Developed in the early 1990’s by Patrick Ducourneau of Domaine Mouréou, the technique involves injecting small amounts of oxygen into the wine as it ferments or while it ages. By doing so early in a wine’s development, micro-ox can speed up the polymerization of tannins - which means that those little tannin molecules bind together into longer chains and makes the wine feel less astringent. It effectively gives the wine a tannic structure of a wine that has bottle age.
Not everyone has jumped on board, as many wine makers feel that the technique alters the texture of the wine and trade off wine of long term ageability for short term ease of drinking. While this debate is worthy of an entire article, there is no doubt that it has made certain wines of Madiran easier drinking at an earlier age.
However, it s not the only way to make Madiran. The undisputed leader of the appellation is Alain Brumont, whose Chateau Montus and Bouscassé are the best wines I have tasted from the region (see tasting note for the 2002 Bouscassé below). Brumont believes that a long maturation in new oak barrels is the best way to treat the tannat grape, followed by a certain amount of patience. While his wines do require some cellar time, they have an elegance and depth that can rival some of the world’s best wines.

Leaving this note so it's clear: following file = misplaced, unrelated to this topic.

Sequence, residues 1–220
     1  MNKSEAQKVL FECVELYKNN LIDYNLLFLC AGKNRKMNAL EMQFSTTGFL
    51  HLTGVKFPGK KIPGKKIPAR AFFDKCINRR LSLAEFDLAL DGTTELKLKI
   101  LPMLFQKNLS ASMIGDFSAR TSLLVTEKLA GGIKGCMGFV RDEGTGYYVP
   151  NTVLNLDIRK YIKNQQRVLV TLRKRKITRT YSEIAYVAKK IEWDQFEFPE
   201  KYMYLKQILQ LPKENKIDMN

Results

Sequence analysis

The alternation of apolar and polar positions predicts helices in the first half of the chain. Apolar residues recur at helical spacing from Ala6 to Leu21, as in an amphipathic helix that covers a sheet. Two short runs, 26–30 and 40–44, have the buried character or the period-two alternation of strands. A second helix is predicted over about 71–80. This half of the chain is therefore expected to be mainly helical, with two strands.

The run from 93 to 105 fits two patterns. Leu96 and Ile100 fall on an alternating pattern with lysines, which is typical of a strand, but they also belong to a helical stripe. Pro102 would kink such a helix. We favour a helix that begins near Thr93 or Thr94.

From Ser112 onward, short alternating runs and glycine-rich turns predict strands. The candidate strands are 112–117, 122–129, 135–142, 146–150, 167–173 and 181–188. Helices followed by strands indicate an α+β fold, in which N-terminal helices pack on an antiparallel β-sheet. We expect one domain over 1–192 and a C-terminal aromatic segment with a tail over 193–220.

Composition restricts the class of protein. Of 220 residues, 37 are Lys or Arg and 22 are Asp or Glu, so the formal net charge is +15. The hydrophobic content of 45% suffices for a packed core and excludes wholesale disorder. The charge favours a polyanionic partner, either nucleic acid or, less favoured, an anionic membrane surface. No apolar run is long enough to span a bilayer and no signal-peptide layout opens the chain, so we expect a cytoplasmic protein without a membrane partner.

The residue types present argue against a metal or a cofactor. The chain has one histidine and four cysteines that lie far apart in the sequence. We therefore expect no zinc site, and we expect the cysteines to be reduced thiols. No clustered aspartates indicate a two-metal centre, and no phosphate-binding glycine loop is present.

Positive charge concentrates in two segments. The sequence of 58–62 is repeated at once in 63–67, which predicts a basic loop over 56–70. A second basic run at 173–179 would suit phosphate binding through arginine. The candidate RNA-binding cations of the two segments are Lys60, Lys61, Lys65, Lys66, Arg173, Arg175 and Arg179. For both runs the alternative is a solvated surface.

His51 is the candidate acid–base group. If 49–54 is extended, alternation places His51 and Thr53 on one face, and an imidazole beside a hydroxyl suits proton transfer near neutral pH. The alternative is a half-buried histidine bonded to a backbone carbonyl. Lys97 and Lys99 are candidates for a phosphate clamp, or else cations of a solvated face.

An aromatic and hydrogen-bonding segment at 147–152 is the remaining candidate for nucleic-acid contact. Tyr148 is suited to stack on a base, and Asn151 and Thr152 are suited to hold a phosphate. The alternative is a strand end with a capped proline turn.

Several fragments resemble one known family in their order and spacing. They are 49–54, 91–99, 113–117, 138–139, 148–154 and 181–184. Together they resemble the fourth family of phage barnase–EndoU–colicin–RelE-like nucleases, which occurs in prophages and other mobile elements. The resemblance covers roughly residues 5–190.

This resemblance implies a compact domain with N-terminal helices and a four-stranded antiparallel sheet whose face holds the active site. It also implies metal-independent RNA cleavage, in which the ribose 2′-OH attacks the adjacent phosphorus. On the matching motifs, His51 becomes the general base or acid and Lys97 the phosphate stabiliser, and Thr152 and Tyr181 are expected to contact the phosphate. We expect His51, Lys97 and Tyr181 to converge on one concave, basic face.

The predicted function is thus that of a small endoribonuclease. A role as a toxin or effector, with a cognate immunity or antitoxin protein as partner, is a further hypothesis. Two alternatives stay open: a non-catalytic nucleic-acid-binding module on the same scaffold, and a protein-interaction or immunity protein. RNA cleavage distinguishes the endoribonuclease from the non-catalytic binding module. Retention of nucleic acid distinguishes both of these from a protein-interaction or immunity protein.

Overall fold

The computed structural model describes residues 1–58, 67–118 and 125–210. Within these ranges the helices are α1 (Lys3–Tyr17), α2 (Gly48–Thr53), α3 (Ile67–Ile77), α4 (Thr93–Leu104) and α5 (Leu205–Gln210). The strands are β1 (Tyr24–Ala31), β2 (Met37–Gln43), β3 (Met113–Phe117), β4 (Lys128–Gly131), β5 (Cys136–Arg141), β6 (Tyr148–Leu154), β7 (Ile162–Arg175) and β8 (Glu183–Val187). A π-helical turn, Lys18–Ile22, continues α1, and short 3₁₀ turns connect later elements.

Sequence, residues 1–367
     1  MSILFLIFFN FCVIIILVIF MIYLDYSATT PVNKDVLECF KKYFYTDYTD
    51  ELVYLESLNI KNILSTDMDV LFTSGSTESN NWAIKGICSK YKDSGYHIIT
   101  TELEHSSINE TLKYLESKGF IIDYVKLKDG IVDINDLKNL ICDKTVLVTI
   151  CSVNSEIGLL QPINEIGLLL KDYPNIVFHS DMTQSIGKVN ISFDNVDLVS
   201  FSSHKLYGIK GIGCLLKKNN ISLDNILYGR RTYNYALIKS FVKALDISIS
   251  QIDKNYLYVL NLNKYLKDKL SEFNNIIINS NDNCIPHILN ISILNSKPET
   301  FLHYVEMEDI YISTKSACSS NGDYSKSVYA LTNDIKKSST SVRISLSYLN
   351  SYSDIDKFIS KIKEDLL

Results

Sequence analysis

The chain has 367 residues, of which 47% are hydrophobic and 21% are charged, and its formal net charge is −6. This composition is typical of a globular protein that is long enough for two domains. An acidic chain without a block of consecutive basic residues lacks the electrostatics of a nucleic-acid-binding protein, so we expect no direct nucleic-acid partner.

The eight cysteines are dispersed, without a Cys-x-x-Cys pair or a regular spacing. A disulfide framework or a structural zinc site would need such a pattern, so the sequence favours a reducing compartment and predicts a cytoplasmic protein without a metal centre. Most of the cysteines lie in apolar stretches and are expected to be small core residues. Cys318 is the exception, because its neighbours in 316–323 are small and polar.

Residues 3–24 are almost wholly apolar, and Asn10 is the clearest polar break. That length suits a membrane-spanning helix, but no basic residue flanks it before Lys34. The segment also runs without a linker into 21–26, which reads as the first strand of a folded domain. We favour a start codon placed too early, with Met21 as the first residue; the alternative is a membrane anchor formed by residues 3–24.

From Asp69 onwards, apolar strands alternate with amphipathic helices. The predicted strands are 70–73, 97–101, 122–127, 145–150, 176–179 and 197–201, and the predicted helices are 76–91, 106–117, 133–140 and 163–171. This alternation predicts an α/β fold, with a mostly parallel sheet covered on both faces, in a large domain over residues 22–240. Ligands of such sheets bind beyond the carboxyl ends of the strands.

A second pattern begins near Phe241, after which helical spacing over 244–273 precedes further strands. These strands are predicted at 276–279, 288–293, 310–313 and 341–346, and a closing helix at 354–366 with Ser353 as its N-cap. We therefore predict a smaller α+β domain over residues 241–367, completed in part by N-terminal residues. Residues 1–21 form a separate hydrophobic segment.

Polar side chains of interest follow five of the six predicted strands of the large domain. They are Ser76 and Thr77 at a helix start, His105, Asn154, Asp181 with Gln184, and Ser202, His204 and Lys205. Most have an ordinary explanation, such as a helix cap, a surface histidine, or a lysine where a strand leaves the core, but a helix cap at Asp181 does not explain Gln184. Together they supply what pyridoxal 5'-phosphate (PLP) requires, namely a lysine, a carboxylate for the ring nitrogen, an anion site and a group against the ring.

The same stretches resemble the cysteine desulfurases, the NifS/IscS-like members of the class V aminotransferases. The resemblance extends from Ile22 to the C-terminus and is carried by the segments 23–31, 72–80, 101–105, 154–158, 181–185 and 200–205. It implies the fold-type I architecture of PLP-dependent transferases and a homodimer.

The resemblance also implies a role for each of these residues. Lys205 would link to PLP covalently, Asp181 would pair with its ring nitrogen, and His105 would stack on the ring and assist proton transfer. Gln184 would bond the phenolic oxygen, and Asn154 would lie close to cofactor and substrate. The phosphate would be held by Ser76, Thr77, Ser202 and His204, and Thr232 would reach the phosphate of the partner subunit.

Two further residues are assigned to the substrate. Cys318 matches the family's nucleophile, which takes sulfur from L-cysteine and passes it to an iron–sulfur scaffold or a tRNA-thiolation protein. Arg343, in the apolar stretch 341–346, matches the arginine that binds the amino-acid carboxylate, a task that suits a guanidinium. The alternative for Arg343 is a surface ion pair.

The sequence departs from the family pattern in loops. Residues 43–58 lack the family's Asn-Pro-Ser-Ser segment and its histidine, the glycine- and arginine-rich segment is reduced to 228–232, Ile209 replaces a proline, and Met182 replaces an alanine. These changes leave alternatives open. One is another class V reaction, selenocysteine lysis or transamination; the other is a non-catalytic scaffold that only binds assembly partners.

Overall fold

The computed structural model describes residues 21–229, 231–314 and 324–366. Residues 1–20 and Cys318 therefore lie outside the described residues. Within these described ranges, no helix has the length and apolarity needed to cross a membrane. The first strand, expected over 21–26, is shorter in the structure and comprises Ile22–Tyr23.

My tasting showed exactly that. While the Cahors tended to be juicier, richer and have a wider range of flavours, Madiran’s wines were much more elegant and finessed. They all required at least an hour in carafe, but especially with the deer steak, covered in a blueberry sauce, they really were an exceptional match.
So I have a new found respect for these historic wines, they just need the right food. While I tested the wines with wild meats and duck, any very flavourful meat or recipe will do the job. I guess the next time I go to one of these tastings, I will have to set up a picnic somewhere in the corner of the room. Cassoulet anyone?